With dress originally playing such a pivotal role in African American political and religious culture, when did the two separate? How is it that now, African American dress is a choice between religious respectability or cultural identity?

Sacrificing Culture for Salvation

The truth is, I believe some African Americans have sacrificed their culture for salvation. Many African American Christians have traded in their cultural identity for respectability in Western European Christian churches. It’s as though we’ve omitted the origins of dress as a feature of culture, and an expression of being. But there is no Scriptural support for such a sacrifice. In fact, Scripture reveals that dress and all its particulars has always been important to God. In fact, God even believed certain religious leaders, those being the priests, should wear particular garb. Exodus 28:2 says, “Make sacred garments for your brother Aaron to give him divinity and honor.” Some translations say “for glory and for beauty,” meaning the robes of the priests were to be both appealing to the eye and sufficient to represent the glory of God.

In other words, the garments in Exodus represented the culture of post-Egyptian bondage as now they are a people that has been set a part to worship Yahweh and Him alone. But they are also a representation of God’s standard of “divinity and honor.” These robes were to help them understand the significance of humanity coming into the presence of God in the sanctuary.


But God also spoke to the Israelites about His plan to save them and atone for their sin using the dress of the day as a metaphor. In Ezekiel 16:10-14, God describes how He found humanity, metaphorically a woman in the text, naked and covered in blood. He washes her and covers her:

“I clothed you in embroidered cloth and gave you sandals of badger skin; I clothed you with fine linen and covered you with silk. I adorned you with ornaments, put bracelets on your wrists, and a chain on your neck. And I put a jewel in your nose, earrings in your ears, and a beautiful crown on your head. Thus you were adorned with gold and silver, and your clothing was of fine linen, silk, and embroidered cloth. You ate pastry of fine flour, honey, and oil. You were exceedingly beautiful, and succeeded to royalty. Your fame went out among the nations because of your beauty, for it was perfect through My splendor which I had bestowed on you,” says the Lord God.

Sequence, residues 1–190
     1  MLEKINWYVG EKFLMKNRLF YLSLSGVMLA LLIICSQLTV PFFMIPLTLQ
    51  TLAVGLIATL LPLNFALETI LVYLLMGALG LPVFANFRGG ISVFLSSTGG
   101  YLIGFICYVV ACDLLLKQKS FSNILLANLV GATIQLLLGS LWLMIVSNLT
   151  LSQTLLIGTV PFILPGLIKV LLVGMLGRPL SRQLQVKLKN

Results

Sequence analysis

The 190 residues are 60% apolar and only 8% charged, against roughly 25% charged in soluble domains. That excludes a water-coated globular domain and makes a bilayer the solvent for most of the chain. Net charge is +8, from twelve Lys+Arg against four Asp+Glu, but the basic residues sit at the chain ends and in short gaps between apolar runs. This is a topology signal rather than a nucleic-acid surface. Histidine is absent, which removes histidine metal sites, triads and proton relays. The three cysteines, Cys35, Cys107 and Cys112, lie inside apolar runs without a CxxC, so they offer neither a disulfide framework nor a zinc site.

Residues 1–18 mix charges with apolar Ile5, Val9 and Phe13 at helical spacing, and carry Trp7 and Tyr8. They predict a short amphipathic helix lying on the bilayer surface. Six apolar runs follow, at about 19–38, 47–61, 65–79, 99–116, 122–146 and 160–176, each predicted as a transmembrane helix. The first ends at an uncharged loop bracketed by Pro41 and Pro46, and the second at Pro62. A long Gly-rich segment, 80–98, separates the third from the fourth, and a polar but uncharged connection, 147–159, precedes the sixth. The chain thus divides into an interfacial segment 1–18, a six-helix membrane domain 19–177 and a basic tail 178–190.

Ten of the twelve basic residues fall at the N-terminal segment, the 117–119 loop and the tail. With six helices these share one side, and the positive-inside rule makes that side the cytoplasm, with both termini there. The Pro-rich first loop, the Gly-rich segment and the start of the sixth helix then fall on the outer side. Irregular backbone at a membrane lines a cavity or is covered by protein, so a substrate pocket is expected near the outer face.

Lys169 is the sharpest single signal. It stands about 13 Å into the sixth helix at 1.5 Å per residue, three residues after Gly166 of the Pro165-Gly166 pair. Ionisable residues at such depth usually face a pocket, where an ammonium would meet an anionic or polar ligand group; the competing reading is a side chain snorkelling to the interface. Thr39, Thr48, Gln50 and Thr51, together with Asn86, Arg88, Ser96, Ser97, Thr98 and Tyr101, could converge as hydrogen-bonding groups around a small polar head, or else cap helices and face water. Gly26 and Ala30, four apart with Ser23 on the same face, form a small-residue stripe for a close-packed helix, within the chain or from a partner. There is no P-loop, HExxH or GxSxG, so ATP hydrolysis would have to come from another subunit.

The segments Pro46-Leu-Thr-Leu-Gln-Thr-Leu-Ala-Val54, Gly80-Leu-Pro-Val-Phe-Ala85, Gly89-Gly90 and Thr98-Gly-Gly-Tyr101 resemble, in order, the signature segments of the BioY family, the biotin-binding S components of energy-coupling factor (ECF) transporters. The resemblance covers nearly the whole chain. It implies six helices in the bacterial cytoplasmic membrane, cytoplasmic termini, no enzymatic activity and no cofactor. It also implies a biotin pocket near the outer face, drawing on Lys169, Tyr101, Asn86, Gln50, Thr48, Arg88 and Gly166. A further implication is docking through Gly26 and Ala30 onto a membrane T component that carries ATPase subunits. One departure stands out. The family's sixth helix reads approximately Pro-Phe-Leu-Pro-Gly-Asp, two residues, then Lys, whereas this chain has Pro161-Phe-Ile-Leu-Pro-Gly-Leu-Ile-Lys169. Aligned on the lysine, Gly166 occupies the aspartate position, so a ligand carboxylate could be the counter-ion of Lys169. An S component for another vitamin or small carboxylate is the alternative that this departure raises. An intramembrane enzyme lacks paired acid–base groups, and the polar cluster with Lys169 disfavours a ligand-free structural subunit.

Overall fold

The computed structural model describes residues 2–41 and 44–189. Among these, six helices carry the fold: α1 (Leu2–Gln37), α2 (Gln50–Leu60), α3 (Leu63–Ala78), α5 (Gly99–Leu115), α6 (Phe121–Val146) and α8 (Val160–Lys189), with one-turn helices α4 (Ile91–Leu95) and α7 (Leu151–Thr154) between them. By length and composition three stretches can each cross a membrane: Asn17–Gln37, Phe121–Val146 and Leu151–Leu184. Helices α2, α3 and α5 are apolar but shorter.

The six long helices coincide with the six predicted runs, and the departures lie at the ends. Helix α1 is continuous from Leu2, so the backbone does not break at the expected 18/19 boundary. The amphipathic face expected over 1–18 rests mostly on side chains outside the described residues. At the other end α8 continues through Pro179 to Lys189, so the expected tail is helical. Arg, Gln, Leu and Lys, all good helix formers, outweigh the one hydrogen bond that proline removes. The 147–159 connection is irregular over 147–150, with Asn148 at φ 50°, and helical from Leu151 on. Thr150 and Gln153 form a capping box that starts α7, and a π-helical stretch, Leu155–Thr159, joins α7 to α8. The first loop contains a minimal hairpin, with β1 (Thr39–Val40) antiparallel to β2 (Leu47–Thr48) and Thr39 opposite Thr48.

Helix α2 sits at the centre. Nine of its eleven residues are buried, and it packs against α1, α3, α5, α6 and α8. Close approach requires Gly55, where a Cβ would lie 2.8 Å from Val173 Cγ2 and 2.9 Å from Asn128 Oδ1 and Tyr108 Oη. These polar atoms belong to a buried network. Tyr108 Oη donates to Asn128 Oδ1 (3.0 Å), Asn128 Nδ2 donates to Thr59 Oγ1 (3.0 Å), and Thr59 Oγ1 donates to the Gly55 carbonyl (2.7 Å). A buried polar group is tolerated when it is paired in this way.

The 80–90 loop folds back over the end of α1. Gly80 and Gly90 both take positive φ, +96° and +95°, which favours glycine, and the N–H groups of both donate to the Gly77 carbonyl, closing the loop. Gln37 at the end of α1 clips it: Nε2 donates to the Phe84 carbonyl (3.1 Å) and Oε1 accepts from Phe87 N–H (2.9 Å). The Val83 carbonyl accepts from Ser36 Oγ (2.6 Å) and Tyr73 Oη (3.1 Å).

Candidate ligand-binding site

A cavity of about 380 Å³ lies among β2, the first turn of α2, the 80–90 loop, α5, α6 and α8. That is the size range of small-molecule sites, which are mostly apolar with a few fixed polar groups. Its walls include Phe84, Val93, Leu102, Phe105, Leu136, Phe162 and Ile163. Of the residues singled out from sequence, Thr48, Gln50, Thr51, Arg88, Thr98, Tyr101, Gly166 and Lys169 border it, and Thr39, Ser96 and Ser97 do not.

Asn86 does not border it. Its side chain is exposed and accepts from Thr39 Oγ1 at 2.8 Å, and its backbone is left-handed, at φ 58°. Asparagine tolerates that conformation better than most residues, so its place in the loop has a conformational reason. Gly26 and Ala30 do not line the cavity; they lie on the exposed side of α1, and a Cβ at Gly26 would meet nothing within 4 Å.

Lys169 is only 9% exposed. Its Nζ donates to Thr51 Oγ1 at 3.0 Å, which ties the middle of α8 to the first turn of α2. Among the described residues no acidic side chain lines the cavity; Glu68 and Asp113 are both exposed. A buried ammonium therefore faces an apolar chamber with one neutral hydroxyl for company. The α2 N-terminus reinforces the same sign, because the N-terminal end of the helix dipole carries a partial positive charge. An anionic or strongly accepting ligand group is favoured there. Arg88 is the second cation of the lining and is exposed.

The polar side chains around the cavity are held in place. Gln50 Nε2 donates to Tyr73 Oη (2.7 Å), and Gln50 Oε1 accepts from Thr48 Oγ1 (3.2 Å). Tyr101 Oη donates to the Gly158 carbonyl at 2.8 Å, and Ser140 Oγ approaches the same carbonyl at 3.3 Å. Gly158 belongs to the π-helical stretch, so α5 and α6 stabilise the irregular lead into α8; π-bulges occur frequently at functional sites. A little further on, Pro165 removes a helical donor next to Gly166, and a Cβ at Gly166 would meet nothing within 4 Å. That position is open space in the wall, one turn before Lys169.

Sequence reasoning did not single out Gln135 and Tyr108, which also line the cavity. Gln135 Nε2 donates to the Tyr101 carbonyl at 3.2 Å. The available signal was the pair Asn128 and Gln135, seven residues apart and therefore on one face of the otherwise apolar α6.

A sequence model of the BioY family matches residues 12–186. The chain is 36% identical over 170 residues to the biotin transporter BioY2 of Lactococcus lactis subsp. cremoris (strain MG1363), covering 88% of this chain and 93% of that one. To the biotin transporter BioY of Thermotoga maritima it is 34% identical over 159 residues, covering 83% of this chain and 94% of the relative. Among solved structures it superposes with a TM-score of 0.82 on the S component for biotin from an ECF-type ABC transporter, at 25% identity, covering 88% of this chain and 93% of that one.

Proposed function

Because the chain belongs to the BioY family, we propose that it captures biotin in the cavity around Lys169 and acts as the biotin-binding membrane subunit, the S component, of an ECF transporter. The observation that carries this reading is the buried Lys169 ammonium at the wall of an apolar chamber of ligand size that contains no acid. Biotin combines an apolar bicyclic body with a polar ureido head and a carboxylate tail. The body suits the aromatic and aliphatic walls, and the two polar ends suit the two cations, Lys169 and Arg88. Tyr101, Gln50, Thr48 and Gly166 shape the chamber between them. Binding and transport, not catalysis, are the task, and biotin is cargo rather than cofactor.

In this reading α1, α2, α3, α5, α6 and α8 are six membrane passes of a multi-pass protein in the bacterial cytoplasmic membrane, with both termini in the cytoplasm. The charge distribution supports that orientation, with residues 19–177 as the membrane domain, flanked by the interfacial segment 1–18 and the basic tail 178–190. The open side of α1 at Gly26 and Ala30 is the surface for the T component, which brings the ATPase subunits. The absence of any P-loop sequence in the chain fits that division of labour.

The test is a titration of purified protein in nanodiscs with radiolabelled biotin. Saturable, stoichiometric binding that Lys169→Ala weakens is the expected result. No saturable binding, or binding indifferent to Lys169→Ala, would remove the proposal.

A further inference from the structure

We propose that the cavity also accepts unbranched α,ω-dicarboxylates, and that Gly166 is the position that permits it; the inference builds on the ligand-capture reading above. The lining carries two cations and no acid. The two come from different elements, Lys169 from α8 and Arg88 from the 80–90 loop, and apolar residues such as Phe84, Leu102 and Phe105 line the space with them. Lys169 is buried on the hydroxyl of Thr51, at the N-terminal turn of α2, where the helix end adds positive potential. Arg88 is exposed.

Here, God is speaking to the prophet Ezekiel and He’s likening His redemption of humanity to clothing a woman in fine linen and jewels. Speaking of the fabrics and ornaments of that time period, God is not put off by cultural dress. No, here God uses the cultural dress of the time to describe His plan of justification and sanctification. The beauty of such spiritual covering, God believed, would be best understood by the people if likened to the finest fabrics and jewelry of that time.

Dress is an Act of Worship

By likening salvation to the cultural dress of the time, we see that African Americans have the authority to express their relationship with God through dress. God desires that we be beautifully garbed. But what’s of greatest significance is that our garb is not a prerequisite for coming into His presence. In fact, the truth is, all we do and anything we wear is as “filthy rags” (Isaiah 64:6). This is why God promises to clothe us and cover us like the Father did the prodigal son in Luke 15:11-32.

Yes, God designed a robe specific for the priests because of their role as intercessors on behalf of the people. But to the people at large God did not designate any particular kind of clothing that was specifically for worship. This gives us the freedom to celebrate our authentic walk in Christ enjoying how our clothing is a symbol of God’s infinite grace. God is the Master Stylist. He took our fig leaves and clothed us in lamb’s wool, and because of the sacrifice of Christ takes our sin and clothes us in His righteousness. And God has even promised that when it’s all over He’s going to hand us a crown and a robe and we will put on the garments of Heaven and tell the story of how we made it over. So until that day, let us feel free to worship Him with the fashion of our various cultures remembering they are beautiful symbols of our justification and sanctification.